Home Business Why it is Unwise for CBN to Convert Domiciliary Accounts to Naira- Kalu Aja

Why it is Unwise for CBN to Convert Domiciliary Accounts to Naira- Kalu Aja

Over the past couple of days, there have been speculations that the Central Bank of Nigeria (CBN) has plans to convert foreign currencies in domiciliary accounts to naira.

Although the CBN outrightly denied these claims via their official X handle, citizens remain skeptical. Captured herein is a comprehensive exposition by Kalu Aja, an economy and personal finance expert, on the matter.

On Domm Accounts, Please Cease and Desist

In May 1998, The Government of Pakistan froze all foreign currency accounts (FCA) estimated to hold $7.56b in an emergency action declared to protect the economy.

The Government of Pakistan instructed banks to pay Pakistanis receiving $ salaries from offshore companies in local currency at inter-bank rates. All dollar assets were converted to the local currency. The effect of these actions was devastating to the economy of Pakistan.

The primary impact was a loss of confidence in Pakistan’s Government, which was evident in many ways, including private sector remittances stopping completely, with Pakistan losing $2.5b in remittances projected inflow for that year.

Private investment in 1990 in Pakistan was 6.8% of GDP, but after the freeze of the FCA, it fell to less than 1.7% of GDP. Pakistan’s GDP and gross investments also declined. Pakistan’s foreign reserves fell from $1b to $500m in November 1998.

Pakistan did not fix their structural issues; it took the easy path of seizing FCAs and got a sugar high of a one-time increment in the foreign reserves from the appropriation of FCA.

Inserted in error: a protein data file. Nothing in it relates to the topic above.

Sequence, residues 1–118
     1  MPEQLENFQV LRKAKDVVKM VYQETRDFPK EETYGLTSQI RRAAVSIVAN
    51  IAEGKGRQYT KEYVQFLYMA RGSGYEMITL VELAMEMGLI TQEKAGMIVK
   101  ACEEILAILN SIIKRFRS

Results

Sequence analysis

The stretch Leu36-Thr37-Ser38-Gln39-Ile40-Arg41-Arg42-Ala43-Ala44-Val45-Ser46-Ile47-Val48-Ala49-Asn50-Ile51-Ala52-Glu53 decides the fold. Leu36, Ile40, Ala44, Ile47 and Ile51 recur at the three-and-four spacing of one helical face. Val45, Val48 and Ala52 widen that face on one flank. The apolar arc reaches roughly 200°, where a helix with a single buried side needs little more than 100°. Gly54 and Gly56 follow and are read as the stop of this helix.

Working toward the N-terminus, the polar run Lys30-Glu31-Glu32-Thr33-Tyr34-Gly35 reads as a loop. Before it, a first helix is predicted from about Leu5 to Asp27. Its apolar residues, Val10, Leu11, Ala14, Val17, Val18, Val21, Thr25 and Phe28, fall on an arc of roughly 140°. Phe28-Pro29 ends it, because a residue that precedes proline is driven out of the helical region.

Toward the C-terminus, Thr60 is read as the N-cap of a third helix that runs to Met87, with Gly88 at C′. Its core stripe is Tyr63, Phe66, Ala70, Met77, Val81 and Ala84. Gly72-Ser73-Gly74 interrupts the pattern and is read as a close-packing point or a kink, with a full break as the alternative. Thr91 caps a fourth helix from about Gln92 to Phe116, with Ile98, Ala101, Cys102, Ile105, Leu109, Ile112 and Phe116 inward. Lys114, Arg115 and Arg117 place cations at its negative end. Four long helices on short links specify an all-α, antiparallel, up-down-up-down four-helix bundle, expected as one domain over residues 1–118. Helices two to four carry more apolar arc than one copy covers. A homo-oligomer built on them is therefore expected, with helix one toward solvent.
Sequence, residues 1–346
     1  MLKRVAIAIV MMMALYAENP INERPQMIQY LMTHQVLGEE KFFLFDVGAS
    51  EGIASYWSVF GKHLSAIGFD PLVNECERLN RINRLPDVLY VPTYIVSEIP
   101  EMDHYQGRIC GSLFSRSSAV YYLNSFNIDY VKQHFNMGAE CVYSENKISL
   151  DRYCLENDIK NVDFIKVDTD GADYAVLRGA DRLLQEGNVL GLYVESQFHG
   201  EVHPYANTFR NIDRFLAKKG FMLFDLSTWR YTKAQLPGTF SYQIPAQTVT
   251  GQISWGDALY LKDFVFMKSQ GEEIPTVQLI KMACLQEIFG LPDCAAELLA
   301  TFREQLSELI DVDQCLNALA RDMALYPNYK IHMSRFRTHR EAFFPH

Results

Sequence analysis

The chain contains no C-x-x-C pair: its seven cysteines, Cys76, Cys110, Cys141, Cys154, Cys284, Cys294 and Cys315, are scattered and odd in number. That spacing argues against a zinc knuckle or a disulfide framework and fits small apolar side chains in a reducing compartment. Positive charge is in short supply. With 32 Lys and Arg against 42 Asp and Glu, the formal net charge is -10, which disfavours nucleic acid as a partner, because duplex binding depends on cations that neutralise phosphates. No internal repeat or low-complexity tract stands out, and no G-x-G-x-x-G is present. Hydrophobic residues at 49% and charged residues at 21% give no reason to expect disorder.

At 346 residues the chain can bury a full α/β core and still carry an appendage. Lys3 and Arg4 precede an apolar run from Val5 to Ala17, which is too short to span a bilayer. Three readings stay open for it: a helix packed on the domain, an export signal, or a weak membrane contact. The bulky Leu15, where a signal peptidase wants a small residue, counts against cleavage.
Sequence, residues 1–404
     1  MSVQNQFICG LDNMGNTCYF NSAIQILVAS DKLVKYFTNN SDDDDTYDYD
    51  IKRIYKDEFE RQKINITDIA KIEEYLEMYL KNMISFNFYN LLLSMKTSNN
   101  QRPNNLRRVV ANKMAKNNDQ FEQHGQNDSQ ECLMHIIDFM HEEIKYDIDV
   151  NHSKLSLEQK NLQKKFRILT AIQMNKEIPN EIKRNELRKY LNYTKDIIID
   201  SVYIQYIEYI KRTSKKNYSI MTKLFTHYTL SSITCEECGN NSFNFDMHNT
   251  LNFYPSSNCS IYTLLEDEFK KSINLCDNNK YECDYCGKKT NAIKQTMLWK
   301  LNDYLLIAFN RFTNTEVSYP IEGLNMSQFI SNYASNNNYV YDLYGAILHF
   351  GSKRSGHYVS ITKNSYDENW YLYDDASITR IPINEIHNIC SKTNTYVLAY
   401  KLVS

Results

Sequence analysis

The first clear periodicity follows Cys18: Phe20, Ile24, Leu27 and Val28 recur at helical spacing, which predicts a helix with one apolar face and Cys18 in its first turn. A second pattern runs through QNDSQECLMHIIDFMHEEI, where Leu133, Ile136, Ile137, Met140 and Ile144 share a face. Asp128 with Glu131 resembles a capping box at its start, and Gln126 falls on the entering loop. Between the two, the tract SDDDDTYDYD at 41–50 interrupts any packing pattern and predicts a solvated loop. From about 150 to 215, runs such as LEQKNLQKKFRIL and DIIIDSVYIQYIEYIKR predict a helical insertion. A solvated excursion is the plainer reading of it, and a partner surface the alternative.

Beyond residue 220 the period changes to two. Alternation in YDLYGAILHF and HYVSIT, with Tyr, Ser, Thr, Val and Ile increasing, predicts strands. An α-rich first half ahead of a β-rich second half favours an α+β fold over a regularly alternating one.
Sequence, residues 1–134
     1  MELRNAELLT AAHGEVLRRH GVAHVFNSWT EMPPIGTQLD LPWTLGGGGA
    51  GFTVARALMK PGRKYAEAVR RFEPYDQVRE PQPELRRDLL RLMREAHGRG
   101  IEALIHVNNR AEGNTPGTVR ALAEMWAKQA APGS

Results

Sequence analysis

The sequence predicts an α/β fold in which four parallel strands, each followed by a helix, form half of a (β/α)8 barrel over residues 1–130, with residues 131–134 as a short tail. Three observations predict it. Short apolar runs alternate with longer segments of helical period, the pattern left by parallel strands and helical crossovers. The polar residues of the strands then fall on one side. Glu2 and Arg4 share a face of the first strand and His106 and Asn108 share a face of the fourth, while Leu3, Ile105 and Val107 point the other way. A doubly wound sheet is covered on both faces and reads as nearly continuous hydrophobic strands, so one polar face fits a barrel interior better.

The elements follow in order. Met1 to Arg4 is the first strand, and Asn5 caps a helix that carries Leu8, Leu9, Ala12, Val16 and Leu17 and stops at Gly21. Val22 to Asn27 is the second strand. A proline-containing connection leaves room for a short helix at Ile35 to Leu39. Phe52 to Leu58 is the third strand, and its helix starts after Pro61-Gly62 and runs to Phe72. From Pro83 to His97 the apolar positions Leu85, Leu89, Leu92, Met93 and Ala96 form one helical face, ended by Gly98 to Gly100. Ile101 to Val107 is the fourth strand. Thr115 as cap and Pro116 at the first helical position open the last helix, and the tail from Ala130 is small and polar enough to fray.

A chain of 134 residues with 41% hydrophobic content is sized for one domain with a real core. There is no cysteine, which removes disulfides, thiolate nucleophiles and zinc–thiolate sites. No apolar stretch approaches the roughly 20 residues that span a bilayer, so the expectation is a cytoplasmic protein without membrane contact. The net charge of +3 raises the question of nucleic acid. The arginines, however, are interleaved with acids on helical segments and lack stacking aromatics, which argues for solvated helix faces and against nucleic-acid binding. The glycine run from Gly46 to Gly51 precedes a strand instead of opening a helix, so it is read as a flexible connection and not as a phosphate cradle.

However, Pakistan still needed an IMF Bailout of $6B in 2019 to “reduce economic vulnerabilities”.

A few years ago, legislators in Nigeria wanted to “take” cash from the trillions in the Retirement Savings accounts to fund the budget.

It had to be explained carefully that the cash contributions did not translate to cash sitting in PFA accounts but were invested in Treasury Bills, Bonds, and Shares.

Today, the target is Domiciliary accounts.

The reports again are similar, unprofessional, and sensational, “the government wants to take your dollars.” Again, the Central Bank of Nigeria has been forced to issue a disclaimer that there is no plan today or in the future to seize private domiciliary accounts of Nigerians.

It is important to do another educative post for the record.

Let us assume the cash was in the vaults, and the Government took it. Can you imagine the negative publicity? Do you think the FGN will not be sued and assets abroad targeted?

Do you think anyone will touch Nigerian bonds or letters of credit? The estimates of foreign currency balances in Nigeria range from $25b to $30b. Were the Government to touch the domiciliary accounts, the flow of private remittances to the CBN, averaging $5b a month, would immediately and completely dry up. The Government will “gain” $25b to $30b immediately and then lose $5b monthly.

If private assets are targeted, Nigerians and foreigners will shun all Nigerian bonds, including Eurobonds and the Pension scheme. The thinking is simple: if Domiciliary accounts can be taken at will, everything else can be accepted. Operationally, banks do not keep cash in vaults to stare at the money; banks invest your cash, and that’s how banks earn interest income that pays salaries and dividends. Banks keep liquidity to meet withdrawals, which is all.

Can the FGN get dollars from the Domiciliary account?

Yes, by creating a $ denominated bond, issued locally by the Debt Management Office or CBN, offering a rate higher than the US Fed rate. These bonds will attract Nigerians because they eliminate exchange risk and pay $ dividends. Many may accept the offer.

Whoever advises that any government can steal assets it does not own is an ignorant appropriation of wealth.

Please cease and desist.


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